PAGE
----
May 1, 2019
The California Public Employees’ Retirement System (CalPERS) is set to put a “laser-like focus” this proxy season on social issues like board diversity and executive pay. This is despite increasing concerns about CalPERS’ poor financial performance and pressure from the federal government to make sure public pension funds are making investments to increase returns.
According to Gary Wolfram, a professor of Economics and Public Policy at Hillsdale College this focus on “non-investment matters” may be negatively impacting their performance:
“Over the 10 years through Dec. 31, 2018, CalPERS has produced an average annual return of 7.9% while Vanguard Balanced Index a mutual fund whose assets are simply split 60% – 40% between a stock index and a bond index, returned 9.4% – a very large difference.”
Professor Wolfram also pointed out that SEC Commissioner Hester Pierce shared this concern in a speech she gave earlier this year:
‘Real dollars are being poured into adhering to an amorphous and shifting set of virtue markers,’ said Peirce. ‘I do not want the SEC to become an enabler of this shift in focus.’”
The editorial board at the Los Angeles Daily News is also concerned the fund’s focus on “ideological” concerns are limiting potentially lucrative investments:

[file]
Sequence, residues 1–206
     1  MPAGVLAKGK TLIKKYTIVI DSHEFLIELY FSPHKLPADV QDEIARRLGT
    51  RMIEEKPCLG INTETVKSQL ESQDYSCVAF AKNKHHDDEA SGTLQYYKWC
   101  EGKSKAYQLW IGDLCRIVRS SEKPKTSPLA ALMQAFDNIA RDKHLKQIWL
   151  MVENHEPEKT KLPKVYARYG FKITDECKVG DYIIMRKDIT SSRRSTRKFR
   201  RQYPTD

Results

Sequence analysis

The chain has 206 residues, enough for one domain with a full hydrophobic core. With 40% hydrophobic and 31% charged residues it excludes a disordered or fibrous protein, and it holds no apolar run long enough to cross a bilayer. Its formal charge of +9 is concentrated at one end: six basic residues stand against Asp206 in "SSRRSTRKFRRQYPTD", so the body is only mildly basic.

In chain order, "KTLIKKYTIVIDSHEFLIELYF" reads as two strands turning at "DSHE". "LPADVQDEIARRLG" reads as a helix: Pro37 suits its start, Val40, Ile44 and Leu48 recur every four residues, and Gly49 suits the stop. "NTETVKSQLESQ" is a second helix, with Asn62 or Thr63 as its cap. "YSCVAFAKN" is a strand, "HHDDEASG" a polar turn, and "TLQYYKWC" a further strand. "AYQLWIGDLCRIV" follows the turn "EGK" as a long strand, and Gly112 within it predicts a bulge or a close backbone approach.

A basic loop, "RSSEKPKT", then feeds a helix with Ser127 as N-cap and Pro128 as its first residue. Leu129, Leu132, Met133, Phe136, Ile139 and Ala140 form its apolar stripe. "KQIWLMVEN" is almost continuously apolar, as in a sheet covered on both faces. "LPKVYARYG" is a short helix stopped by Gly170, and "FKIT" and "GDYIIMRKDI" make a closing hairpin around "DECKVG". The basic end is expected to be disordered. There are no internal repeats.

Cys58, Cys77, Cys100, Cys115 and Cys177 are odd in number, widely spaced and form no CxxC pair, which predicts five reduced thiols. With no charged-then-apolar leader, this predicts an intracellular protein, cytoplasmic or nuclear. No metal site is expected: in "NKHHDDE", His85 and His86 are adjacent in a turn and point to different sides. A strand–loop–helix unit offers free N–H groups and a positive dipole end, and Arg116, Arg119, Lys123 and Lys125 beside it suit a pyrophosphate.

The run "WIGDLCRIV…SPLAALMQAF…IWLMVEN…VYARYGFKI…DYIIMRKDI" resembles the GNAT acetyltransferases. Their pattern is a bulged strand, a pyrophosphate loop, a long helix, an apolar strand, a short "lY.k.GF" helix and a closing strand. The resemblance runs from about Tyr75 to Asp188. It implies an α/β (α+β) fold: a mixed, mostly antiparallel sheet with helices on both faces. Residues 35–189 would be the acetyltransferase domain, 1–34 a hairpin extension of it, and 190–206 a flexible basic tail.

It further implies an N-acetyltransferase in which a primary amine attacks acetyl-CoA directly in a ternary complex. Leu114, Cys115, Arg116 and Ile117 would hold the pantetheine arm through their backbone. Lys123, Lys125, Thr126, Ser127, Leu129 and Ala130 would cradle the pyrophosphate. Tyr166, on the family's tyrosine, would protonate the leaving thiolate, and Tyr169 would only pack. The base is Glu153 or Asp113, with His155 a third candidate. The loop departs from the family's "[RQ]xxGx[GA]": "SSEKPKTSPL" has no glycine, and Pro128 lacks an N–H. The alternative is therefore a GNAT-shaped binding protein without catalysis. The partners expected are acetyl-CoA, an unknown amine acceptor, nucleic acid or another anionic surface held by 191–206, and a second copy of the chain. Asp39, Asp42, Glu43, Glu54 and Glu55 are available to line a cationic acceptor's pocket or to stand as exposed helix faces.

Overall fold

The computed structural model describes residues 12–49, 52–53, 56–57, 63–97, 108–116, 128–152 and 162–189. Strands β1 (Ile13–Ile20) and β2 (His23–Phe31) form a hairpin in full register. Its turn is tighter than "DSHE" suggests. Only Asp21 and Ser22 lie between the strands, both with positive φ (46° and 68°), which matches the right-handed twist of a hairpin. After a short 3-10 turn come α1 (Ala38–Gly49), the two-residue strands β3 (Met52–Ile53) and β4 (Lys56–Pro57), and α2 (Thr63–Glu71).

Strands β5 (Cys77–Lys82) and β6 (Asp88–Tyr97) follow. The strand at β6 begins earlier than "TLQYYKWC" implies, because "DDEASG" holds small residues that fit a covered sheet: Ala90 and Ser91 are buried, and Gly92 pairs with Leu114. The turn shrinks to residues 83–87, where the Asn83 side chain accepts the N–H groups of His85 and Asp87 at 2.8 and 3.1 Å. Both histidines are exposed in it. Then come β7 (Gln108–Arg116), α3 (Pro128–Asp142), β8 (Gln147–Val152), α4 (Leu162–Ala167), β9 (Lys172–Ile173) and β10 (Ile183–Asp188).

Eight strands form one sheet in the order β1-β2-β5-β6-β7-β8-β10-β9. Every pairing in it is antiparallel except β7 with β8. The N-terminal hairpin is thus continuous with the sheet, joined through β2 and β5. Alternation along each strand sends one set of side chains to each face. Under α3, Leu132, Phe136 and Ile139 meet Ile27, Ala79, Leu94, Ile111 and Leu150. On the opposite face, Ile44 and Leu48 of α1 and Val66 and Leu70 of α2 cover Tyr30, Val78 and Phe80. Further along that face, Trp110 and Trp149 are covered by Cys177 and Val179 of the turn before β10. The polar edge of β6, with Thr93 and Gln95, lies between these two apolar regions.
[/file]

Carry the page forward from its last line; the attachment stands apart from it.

“…CalPERS remains under constant pressure to reduce its investment options for ideological reasons – such as coal, guns, tobacco and other politically incorrect industries.”
CalPERS’ push comes despite a new executive order from the Trump Administration directing the Department of Labor to review their current guidance on the fiduciary duties of retirement plans subject to the Employee Retirement Income Security Act (ERISA), which governs private pension plans to ensure those entities are making investments that maximize the value of their portfolios. The order explains why this is a necessary:
“The United States capital markets are the deepest and most liquid in the world. They benefit from decades of sound regulation grounded in disclosure of information that, under an objective standard, is material to investors and owners seeking to make sound investment decisions or to understand the current and projected business…Furthermore, the United States capital markets have thrived under the principle that companies owe a fiduciary duty to their shareholders to strive to maximize shareholder return, consistent with the long-term growth of a company.”
Although public pension funds are not impacted by the executive order, the directive shows that the federal government would likely view CalPERS’ focus on non investment matters skeptically if it was subject to ERISA.
Perhaps it is time for the leadership at CalPERS to focus on increasing the returns on their investments for their members instead of pushing companies on “non-investment” related that do not fulfill their fiduciary duties to their pensioners.